NEW YORK — There's so much the Yankees have going for them.
Alex Rodriguez, suddenly looking like the new Mr. October, hit a two-run tying homer in the ninth. Then Mark Teixeira, showing thus far to be worth every one of his $180 million, led off the 11th with a homer, giving them a 4-3 win over the Twins on Friday and a decisive 2-0 lead in the best-of-five division series.
So it hardly seems right for them to get so much help.
Certainly from the Twins, who left 17 men on base, saw their All-Star closer blow a save and make an errant throw and cost themselves a run with a stupid baserunning mistake.
And from the umpiring crew that — despite the addition of two umpires on the foul lines just for this reason — horribly blew a fair-foul call in the top of the 11th (and acknowledged it later) that might have cost the Twins the chance to take the lead.
"It's tough," Minnesota's Michael Cuddyer said. "But those are the things that tend to happen here."
Forgive the Twins if they're not big fans of the new Yankee Stadium. They've played six games there, lost them all, four in walkoffs.
"It just seems like every time we're walking off with our heads down," said Twins outfielder Denard Span, the Tampa product. "It's tough because we know this is a game we needed."
The Yankees felt like they needed it too, heading to the raucous and unpredictable Metrodome as they now have three chances, starting Sunday, to get the one win they need to move on.
After Teixeira's shot off rookie Jose Mijares just cleared the leftfield wall, they bounced, did the shaving cream pie thing and celebrated like they needed it. It was the 16th time this season they have won on the final pitch.
The way they did it made it even better as Rodriguez, whose past Octobers have been dreadful, delivered for the second straight game.
With the Twins leading 3-1 — in large part due to the efforts of ex-Ray Brendan Harris — and closer Joe Nathan, who had converted 47 of 52 save opportunities, including his past 12, on the mound, the Twins felt pretty good about things.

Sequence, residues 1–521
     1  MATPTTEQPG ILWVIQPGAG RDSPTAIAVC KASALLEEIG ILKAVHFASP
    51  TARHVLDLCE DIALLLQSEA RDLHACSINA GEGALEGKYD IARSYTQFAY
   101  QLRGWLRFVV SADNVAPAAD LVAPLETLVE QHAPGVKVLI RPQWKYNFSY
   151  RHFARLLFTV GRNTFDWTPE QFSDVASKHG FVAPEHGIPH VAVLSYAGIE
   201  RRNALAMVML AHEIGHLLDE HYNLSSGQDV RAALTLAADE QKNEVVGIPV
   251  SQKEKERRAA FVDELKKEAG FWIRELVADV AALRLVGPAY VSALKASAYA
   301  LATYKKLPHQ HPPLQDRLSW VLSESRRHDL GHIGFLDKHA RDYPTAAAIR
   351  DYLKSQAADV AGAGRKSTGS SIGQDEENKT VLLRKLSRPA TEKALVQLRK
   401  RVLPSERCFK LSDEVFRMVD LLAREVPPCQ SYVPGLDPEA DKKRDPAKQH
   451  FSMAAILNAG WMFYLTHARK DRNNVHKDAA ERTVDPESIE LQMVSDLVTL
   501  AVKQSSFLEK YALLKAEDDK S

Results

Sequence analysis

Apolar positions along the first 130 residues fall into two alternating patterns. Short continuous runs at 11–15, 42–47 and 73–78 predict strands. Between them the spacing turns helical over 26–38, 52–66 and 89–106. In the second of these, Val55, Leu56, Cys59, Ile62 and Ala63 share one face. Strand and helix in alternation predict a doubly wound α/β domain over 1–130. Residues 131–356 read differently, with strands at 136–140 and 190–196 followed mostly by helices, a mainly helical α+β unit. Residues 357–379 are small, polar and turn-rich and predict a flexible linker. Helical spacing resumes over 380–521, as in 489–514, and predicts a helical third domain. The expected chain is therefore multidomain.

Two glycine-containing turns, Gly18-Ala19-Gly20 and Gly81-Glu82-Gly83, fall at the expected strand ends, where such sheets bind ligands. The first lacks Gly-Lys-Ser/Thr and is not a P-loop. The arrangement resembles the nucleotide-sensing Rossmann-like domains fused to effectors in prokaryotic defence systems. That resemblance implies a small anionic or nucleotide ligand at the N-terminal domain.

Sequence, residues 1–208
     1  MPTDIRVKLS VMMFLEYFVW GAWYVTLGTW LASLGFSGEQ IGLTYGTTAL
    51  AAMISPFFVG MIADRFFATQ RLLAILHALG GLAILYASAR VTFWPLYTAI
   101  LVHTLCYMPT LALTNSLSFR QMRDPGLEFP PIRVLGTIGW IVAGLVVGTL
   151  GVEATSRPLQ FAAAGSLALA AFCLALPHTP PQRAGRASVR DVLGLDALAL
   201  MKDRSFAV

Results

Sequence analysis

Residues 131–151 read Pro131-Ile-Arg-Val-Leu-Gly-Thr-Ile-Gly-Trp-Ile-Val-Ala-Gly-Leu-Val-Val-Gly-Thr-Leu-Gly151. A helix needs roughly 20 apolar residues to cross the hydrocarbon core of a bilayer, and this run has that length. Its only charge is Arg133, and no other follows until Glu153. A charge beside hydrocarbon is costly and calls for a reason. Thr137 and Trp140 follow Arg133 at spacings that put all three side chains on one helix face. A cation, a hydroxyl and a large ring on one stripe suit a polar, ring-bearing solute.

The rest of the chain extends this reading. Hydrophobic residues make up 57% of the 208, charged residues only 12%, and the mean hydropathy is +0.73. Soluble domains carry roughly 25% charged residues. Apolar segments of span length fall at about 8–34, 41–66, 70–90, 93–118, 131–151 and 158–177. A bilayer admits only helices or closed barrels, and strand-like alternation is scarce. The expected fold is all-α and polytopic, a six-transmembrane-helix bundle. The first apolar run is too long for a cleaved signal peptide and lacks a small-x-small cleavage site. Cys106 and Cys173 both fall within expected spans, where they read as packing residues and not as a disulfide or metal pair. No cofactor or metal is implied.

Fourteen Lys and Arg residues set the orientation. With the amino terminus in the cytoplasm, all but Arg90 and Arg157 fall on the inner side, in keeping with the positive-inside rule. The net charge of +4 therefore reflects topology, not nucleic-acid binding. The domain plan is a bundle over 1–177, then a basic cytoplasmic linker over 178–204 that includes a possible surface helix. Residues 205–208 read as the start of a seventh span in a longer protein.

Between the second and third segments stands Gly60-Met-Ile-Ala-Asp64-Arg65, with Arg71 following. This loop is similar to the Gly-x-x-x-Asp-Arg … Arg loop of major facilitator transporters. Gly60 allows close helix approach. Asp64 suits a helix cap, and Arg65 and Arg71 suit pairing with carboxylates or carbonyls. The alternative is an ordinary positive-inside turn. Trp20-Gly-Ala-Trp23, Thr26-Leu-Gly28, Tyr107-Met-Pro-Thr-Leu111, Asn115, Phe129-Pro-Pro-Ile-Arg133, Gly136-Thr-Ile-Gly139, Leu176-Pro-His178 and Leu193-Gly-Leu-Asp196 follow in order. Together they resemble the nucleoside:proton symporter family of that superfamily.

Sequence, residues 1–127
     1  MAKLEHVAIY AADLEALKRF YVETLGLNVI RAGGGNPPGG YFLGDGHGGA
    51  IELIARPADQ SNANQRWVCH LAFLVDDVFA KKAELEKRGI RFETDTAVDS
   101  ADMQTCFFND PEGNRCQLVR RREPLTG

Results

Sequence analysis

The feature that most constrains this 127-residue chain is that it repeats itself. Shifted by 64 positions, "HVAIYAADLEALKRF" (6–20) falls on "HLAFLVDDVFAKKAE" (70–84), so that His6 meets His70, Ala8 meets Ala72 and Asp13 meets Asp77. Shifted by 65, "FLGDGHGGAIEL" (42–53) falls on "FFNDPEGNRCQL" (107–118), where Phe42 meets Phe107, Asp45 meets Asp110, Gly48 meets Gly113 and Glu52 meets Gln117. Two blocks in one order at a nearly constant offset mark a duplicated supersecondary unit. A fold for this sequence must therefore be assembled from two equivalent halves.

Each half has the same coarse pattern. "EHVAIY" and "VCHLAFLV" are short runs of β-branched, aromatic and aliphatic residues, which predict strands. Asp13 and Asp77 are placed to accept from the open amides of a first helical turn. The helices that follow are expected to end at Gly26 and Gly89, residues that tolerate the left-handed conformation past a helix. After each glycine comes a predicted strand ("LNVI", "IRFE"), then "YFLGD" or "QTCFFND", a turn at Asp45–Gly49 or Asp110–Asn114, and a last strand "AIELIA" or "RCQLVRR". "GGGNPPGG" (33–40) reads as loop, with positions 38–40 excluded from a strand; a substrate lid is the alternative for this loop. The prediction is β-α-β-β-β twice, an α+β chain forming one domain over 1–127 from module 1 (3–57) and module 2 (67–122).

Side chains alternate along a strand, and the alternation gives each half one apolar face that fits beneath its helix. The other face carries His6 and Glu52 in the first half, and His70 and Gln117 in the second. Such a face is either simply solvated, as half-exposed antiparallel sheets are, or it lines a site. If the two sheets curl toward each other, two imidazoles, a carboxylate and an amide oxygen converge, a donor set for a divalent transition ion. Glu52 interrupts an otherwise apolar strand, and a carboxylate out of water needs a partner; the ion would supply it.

But he gave up a leadoff single to Teixeira then, after falling behind 3-and-1, a two-run homer to Rodriguez, who looked to the dugout and pumped his fist.
"It just felt really good," he said. "Obviously, we needed it. It's the way we've been playing baseball all year. For me personally, that was, obviously, a lot of fun."
The end came even quicker as Teixeira led off the 11th by drilling a 2-and-1 pitch from Mijares.
"It's a pretty unbelievable feeling as a manager when you get to put those two guys in your lineup every day," Yankees skipper Joe Girardi said. "They've been huge for us all year."
The controversial call came in the top of the 11th. Joe Mauer's drive down the leftfield line clearly landed fair but was called foul. Mauer ended up singling. And the next two hitters did, too, but the Twins failed to score.
Mauer was diplomatic afterward, saying, "We try not to focus on one play. We had our chances to win."
They did, including Carlos Gomez's fourth-inning gaffe of overrunning second to negate a sure run. But it wasn't hard to believe the right call would have put them in position to take the lead.
"You can figure that out, I think," Twins manager Ron Gardenhire said. "It's really disappointing."
Marc Topkin can be reached at firstname.lastname@example.org